A top Trump campaign official requested proposals in 2016 from an Israeli company to create fake online identities, to use social media manipulation and to gather intelligence to help defeat Republican primary race opponents and Hillary Clinton, according to interviews and copies of the proposals.
The Trump campaign’s interest in the work began as Russians were escalating their effort to aid Donald J. Trump. Though the Israeli company’s pitches were narrower than Moscow’s interference campaign and appear unconnected, the documents show that a senior Trump aide saw the promise of a disruption effort to swing voters in Mr. Trump’s favor.
The campaign official, Rick Gates, sought one proposal to use bogus personas to target and sway 5,000 delegates to the 2016 Republican National Convention by attacking Senator Ted Cruz of Texas, Mr. Trump’s main opponent at the time. Another proposal describes opposition research and “complementary intelligence activities” about Mrs. Clinton and people close to her, according to copies of the proposals obtained by The New York Times and interviews with four people involved in creating the documents.
A third proposal by the company, Psy-Group, which is staffed by former Israeli intelligence operatives, sketched out a monthslong plan to help Mr. Trump by using social media to help expose or amplify division among rival campaigns and factions. The proposals, part of what Psy-Group called “Project Rome,” used code names to identify the players — Mr. Trump was “Lion” and Mrs. Clinton was “Forest.” Mr. Cruz, who Trump campaign officials feared might lead a revolt over the Republican presidential nomination, was “Bear.”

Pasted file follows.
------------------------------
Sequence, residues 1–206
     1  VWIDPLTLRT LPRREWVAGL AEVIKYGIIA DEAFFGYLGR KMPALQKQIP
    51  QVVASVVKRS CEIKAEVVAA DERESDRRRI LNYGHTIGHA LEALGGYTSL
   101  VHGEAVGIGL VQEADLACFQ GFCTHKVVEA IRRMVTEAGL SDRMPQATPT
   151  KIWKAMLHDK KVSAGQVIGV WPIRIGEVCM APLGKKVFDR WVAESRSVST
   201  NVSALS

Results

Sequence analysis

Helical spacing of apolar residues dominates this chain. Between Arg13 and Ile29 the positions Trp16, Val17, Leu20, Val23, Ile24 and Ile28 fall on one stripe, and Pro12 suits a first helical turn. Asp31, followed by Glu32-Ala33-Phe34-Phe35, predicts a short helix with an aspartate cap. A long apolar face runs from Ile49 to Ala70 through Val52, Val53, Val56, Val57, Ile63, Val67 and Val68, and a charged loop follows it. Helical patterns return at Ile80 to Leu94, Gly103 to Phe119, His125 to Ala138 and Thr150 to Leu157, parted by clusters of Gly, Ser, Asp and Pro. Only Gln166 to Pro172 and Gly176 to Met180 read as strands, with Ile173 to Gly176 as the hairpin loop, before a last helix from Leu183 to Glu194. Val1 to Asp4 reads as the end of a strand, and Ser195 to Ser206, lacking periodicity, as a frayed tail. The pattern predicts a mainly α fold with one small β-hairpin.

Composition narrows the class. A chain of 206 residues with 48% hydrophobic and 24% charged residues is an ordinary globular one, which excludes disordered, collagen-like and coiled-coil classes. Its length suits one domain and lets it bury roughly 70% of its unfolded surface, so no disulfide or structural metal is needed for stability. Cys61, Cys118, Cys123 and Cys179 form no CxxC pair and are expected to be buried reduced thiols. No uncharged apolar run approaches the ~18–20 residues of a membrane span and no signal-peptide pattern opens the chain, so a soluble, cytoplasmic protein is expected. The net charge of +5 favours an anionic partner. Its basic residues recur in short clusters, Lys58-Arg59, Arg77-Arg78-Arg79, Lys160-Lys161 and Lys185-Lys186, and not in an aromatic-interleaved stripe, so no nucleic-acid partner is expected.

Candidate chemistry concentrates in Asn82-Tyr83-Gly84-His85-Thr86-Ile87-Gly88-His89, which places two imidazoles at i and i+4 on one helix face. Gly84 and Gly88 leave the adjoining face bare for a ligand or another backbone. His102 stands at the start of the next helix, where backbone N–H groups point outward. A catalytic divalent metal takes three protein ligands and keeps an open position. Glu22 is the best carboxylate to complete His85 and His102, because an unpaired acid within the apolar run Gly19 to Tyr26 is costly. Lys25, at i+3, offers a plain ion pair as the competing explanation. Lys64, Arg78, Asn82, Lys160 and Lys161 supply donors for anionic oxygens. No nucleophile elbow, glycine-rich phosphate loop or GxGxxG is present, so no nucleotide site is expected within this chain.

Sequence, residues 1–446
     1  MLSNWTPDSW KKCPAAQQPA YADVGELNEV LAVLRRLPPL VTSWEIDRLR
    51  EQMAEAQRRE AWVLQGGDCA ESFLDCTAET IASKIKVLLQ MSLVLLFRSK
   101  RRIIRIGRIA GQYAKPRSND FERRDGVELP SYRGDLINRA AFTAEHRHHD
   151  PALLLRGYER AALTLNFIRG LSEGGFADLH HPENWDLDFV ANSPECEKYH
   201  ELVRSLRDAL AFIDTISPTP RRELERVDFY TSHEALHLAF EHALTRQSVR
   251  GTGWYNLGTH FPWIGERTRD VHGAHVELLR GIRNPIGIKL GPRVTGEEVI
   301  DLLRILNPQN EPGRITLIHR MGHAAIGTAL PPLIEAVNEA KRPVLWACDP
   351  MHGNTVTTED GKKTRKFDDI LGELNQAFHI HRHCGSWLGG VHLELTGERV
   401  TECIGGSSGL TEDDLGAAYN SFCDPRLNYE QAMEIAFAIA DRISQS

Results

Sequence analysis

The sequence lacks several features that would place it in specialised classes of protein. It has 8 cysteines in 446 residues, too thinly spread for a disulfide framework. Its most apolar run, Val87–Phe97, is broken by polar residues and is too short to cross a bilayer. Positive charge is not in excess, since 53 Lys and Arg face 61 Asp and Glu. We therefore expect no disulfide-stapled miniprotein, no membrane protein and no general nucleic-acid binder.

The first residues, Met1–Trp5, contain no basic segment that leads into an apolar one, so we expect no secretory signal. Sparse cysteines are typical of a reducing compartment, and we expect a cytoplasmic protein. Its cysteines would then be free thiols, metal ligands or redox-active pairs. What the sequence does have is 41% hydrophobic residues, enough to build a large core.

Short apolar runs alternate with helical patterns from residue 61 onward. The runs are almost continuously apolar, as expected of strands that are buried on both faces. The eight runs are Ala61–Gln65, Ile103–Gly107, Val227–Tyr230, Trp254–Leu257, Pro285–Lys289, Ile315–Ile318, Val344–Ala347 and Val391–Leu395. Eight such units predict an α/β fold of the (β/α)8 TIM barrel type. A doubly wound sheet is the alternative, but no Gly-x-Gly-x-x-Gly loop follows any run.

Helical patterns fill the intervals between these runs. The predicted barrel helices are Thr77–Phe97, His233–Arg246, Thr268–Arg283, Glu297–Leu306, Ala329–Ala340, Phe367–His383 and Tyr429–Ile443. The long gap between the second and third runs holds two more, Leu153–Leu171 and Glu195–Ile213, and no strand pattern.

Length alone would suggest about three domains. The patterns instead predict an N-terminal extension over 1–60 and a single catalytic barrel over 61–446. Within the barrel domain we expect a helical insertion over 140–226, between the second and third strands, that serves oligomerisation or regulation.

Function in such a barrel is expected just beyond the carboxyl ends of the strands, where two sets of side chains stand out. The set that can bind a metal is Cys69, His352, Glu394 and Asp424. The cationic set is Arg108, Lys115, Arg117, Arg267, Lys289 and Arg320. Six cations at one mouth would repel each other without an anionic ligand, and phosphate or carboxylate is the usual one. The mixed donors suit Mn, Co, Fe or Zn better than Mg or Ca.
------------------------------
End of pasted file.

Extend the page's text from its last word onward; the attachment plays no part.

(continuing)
There is no evidence that the Trump campaign acted on the proposals, and Mr. Gates ultimately was uninterested in Psy-Group’s work, a person with knowledge of the discussions said, in part because other campaign aides were developing a social media strategy. Psy-Group’s owner, Joel Zamel, did meet in August 2016 with Donald Trump Jr., Mr. Trump’s eldest son.
Investigators working for Robert S. Mueller III, the special counsel investigating Russia’s campaign to disrupt the 2016 election and whether any Trump associates conspired, have obtained copies of the proposals and questioned Psy-Group employees, according to people familiar with those interviews.
The scope of the social media campaigns, essentially a broad effort to sow disinformation among Republican delegates and general election voters, was more extensive than the work typically done by campaign operatives to spread the candidate’s message on digital platforms. The proposal to gather information about Mrs. Clinton and her aides has elements of traditional opposition research, but it also contains cryptic language that suggests using clandestine means to build “intelligence dossiers.”